In the Eastern church a variety of different names are given for the three wise men, but in the West, since the 8th century, the names have settled as Caspar (or Gaspar), Melchior and Balthasar2. Various traditions impart further detail to these three. One tradition depicts them as representing different races and stages of life's journey. Thus Caspar, king of Tarsus (India) is young and provides the gift of gold to finance the Holy Family's flight to Egypt. Gold is also symbolic of Christ's immortality and purity. It is also worth noting that gold and silver have been used medicinally for millenia due to their antibacterial properties, and gold may therefore have been proffered for its health-giving properties.
Melchior, king of Persia, is middle-aged and provides the gift of myrrh, a fragrant gum which, according to the ancient Israelites, strengthens children.
Balthasar, king of Saba (Ethiopia) is elderly and offers the gift of frankincense. This is a resin used in incense for worship and also symbolizes prayer and sacrifice.
Epiphany, (from the Greek epiphania) means 'manifestation', and is one of the chief Christian festivals, the feast marking the day when the Magi saw Christ. The festival was placed by the church to replace the Roman (pagan) festival of Saturnalia.
Traditionally Epiphany was celebrated on January 6th, the 12th day after Christmas, and is also therefore known as 'Twelfth Night'. More recently the Church has moved the date of the festival to the second Sunday after Christmas. The twelve days of Christmas relate to this tradition as being the period of the journey of the Magi.
Dating the Nativity
Using the laws of planetary motion coupled with computer technology, modern-day astronomers are now in a position to 'turn the clock back', as it were, to work out what it was that the Magi actually would have seen 2000 years ago. A major problem is that nobody knows exactly when Jesus was born. The current date of Christmas - 25th December - dates from the 4th Century, probably pragmatically, to coincide with a conglomeration of established pre-Christian pagan mid-winter festivals. Even the year of Christ's birth is in doubt. Although the birth of Christ has been taken as the start of the Christian calendar, mistakes were made when the monk, Dionysius Exiguus calculated this dating system in the 6th century. Thus it has been claimed that Jesus must have been born in 4BC or earlier, as King Herod, who was clearly alive at his birth, is recorded as dying in that year. This is in contradiction to the Gospel according to St Luke which says:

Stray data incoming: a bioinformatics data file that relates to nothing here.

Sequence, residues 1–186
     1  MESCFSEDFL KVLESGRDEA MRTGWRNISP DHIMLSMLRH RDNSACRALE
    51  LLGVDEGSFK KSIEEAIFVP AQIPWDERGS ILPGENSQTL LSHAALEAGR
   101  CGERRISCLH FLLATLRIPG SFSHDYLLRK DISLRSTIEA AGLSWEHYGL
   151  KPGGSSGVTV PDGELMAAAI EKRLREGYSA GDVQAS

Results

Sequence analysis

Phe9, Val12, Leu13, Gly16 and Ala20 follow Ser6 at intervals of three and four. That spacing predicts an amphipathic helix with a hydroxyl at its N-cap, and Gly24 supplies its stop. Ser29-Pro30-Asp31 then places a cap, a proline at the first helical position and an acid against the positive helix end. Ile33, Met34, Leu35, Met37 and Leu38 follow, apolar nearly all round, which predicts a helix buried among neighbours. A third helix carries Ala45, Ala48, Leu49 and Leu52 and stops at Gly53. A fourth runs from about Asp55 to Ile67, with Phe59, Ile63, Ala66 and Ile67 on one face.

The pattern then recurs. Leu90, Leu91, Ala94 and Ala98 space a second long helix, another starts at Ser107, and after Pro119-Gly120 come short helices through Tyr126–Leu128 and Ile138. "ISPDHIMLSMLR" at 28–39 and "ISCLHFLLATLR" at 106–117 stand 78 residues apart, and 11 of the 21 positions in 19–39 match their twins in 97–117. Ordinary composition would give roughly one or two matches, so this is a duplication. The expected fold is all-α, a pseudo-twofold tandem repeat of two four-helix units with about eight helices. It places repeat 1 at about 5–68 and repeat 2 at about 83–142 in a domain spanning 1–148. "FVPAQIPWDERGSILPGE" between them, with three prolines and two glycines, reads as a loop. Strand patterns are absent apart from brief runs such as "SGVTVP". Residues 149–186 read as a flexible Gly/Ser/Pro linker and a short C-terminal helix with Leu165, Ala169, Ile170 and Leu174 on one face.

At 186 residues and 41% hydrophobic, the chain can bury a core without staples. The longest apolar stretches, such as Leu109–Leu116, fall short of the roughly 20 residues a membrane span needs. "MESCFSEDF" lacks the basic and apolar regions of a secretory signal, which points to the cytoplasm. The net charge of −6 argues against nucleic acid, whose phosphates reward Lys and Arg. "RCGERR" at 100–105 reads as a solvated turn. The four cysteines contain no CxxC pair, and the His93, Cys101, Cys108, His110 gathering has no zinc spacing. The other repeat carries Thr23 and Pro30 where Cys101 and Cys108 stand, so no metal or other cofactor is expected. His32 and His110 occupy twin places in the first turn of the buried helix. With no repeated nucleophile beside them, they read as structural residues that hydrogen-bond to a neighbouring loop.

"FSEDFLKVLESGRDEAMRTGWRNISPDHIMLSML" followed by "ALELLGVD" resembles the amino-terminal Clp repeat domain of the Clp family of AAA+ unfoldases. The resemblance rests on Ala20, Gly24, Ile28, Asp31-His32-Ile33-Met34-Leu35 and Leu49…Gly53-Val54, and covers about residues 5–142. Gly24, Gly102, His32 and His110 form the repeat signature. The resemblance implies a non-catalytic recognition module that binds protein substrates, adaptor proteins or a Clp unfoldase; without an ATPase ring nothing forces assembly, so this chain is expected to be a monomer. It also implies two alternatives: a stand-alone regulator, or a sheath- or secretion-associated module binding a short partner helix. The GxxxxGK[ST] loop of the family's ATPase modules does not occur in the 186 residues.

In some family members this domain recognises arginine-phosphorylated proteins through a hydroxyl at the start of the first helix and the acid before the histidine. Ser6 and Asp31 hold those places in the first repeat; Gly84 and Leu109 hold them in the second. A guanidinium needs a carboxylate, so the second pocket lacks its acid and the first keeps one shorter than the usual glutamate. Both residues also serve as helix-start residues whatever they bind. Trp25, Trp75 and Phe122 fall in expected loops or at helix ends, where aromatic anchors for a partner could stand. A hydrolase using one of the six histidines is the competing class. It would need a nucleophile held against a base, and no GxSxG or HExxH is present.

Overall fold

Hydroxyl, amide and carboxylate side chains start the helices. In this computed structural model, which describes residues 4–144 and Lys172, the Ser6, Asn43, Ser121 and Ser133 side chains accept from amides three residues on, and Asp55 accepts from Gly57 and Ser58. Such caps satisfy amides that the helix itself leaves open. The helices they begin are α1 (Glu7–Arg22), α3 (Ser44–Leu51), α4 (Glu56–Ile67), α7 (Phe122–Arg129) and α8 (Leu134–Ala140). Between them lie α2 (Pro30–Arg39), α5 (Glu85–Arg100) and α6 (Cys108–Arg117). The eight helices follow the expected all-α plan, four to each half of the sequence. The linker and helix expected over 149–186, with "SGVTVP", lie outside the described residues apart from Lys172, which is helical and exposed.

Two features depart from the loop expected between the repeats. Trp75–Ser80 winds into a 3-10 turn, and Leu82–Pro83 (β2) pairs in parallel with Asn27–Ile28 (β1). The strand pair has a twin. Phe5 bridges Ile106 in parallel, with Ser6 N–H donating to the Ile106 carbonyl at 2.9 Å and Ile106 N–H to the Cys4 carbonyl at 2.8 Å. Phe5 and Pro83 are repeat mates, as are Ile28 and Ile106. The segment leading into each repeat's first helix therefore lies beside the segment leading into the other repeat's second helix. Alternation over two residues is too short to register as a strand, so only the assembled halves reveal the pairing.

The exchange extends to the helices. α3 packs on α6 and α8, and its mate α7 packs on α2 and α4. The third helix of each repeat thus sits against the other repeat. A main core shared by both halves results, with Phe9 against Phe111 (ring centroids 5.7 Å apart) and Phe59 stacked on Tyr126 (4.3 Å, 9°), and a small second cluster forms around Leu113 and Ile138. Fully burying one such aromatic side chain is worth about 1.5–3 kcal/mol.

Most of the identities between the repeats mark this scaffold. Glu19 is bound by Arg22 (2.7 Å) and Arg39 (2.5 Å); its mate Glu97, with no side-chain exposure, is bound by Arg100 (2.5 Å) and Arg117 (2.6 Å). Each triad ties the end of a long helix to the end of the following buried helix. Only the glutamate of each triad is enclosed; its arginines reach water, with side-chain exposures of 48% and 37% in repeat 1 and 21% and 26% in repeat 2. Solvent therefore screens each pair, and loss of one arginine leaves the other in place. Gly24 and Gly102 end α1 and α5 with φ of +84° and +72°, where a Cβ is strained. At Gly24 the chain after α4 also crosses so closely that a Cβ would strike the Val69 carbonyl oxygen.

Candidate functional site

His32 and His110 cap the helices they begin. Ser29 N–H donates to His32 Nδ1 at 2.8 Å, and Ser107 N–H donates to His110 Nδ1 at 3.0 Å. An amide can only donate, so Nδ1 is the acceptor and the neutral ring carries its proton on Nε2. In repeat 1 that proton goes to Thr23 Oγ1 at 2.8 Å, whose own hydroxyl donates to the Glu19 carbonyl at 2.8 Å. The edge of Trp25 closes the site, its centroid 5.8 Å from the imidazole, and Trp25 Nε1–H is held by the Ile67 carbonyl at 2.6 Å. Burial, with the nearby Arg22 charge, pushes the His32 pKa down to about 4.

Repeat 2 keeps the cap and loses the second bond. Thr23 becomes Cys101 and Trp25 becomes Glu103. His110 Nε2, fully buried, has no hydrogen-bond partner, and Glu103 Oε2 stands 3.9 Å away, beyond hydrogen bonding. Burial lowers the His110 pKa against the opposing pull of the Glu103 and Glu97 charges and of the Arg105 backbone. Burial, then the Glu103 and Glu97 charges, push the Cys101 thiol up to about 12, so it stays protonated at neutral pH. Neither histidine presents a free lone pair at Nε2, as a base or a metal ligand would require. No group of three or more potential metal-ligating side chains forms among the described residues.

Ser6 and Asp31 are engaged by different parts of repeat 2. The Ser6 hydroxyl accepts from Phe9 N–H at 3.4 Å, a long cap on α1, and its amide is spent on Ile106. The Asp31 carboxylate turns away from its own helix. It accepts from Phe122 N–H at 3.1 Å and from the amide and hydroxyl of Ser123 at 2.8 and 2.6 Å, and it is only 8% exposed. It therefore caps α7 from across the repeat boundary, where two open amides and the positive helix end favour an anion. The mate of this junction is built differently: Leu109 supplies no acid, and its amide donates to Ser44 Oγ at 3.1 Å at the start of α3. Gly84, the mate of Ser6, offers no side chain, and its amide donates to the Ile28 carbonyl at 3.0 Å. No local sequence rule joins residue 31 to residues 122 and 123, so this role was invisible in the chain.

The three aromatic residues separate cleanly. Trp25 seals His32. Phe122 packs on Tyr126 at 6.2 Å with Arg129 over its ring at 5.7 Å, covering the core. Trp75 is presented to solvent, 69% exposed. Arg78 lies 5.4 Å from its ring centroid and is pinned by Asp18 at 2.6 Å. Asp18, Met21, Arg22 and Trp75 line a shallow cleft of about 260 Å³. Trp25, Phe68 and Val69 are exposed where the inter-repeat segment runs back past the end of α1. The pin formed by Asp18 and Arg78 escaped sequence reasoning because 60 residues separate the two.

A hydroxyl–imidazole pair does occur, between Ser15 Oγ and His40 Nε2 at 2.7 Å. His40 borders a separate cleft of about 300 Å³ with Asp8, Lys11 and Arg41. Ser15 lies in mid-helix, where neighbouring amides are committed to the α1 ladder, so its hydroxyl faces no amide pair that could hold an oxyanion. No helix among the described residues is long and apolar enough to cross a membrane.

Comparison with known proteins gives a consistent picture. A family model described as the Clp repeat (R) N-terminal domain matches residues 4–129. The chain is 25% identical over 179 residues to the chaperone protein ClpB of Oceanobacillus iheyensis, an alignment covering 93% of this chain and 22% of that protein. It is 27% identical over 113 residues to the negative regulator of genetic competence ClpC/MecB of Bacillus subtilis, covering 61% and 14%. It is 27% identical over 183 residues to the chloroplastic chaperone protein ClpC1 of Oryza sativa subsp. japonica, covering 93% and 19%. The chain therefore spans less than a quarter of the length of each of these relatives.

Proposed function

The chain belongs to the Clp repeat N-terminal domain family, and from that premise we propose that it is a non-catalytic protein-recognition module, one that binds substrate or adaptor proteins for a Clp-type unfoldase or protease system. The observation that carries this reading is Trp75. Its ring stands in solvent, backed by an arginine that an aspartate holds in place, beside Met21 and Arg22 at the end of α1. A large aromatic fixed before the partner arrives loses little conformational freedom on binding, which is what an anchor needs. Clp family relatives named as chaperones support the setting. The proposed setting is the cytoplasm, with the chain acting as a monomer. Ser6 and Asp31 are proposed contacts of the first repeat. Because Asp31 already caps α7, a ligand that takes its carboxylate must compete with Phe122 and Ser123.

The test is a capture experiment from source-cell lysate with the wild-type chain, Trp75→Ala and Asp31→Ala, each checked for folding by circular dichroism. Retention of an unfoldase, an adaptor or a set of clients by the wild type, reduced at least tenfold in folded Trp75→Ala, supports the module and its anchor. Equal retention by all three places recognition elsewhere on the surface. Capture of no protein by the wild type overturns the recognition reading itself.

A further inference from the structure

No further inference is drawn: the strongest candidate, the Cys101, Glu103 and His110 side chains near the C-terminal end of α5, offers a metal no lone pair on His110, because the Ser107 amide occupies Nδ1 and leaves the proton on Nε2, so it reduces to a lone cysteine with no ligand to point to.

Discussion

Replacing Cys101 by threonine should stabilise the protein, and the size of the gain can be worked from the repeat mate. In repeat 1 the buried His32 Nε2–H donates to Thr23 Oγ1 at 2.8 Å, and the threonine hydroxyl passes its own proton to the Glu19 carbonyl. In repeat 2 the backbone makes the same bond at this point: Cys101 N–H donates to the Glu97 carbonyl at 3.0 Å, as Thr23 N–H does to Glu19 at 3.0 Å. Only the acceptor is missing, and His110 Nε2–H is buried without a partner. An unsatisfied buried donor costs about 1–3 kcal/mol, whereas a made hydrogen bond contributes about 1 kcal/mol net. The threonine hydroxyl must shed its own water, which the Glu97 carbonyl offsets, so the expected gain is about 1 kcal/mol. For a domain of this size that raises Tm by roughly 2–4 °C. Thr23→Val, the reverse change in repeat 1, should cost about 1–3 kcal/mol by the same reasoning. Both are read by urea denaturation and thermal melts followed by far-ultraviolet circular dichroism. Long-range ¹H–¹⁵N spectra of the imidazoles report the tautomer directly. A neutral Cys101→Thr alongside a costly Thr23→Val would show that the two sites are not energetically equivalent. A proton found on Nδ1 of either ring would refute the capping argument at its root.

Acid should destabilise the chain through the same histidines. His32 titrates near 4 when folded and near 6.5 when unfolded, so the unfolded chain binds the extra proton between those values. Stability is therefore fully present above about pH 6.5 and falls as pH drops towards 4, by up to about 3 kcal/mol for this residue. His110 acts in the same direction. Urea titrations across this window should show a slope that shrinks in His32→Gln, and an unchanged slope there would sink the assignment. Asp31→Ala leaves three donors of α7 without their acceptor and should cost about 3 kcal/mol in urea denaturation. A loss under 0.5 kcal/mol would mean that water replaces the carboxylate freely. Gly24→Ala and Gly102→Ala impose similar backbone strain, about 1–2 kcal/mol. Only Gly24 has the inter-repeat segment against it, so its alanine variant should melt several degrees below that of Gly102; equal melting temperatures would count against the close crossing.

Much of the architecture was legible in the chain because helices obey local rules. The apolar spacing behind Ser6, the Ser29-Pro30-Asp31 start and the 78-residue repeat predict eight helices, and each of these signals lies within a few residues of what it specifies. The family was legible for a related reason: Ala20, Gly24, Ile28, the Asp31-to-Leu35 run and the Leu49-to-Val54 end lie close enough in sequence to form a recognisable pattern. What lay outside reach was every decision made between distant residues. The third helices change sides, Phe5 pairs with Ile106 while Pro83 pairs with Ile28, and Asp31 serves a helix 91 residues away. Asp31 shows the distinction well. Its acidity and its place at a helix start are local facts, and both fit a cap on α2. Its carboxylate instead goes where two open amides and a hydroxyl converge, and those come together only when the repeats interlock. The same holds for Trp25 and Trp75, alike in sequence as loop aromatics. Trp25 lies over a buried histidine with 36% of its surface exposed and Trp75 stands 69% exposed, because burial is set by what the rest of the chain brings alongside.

And it came to pass in those days, that there went out a decree from Caesar Augustus, that all the world should be taxed. (And this taxing was first made when Cyrenius was governor of Syria).Luke 2:1-2
So Joseph and Mary made their way from Nazareth to Bethlehem to be taxed. According to Roman history, such a census did occur, but in 6-7AD - not in 4BC!
So, in order to identify the 'Star of Bethlehem', it is necessary to look at astronomical events occurring between 4BC (or earlier) and 7AD. Although several phenomena, from a comet to a supernova, have been postulated, David Hughes, Professor of Astronomy at Sheffield University, UK, believes that what the Magi actually would have seen was a rare conjunction of the planets Jupiter and Saturn when the planets came together three times, (in May, September and November 7BC), three years before the death of King Herod.
Due to complicated orbital forces, the planets would have appeared to have been travelling backwards and, on specific days, even stopped. These events would have been predictable by the Magi, giving them time to prepare and plan their journey; and the interval between May and September would have given them time to make the journey.
Relics of the Magi
According to legend, the bones of the Three Wise Men (Magi) were discovered by St Helena of Constantine while on a pilgrimage to Palestine. She is said to have taken the remains to the church of Hagia Sophia (The Church of the Holy Wisdom) in Constantinople. They were later moved by oxcart to Milan by St Eustorgio, Bishop of Milan, in the 5th Century. Nowadays, in a dark recess in the Basilica of St Eustorgio, Milan there is the insciption, SEPVLCRVM TRIVM MAGORVM (Sepulchre of the three Magi), whilst a carved stone slab nearby is accompanied by a sign proclaiming, 'According to tradition this stone slab with the comet was on top of the Magi's tomb and was brought to Italy along with their relics'.
In 1164, the relics of the Magi were taken from Milan by Holy Roman Emperor Fredrick Barbarossa, and given to the Archbishop of Cologne. Cologne Cathedral now contains a 'Shrine of the Three Kings', which attracts a steady stream of pilgrims.
In 1903/4 some fragments of the bones and garments were returned to the Basilica of Saint Eustorgio in Milan, where they are kept in the Three Kings altar close by the empty Three Kings sarcophagus.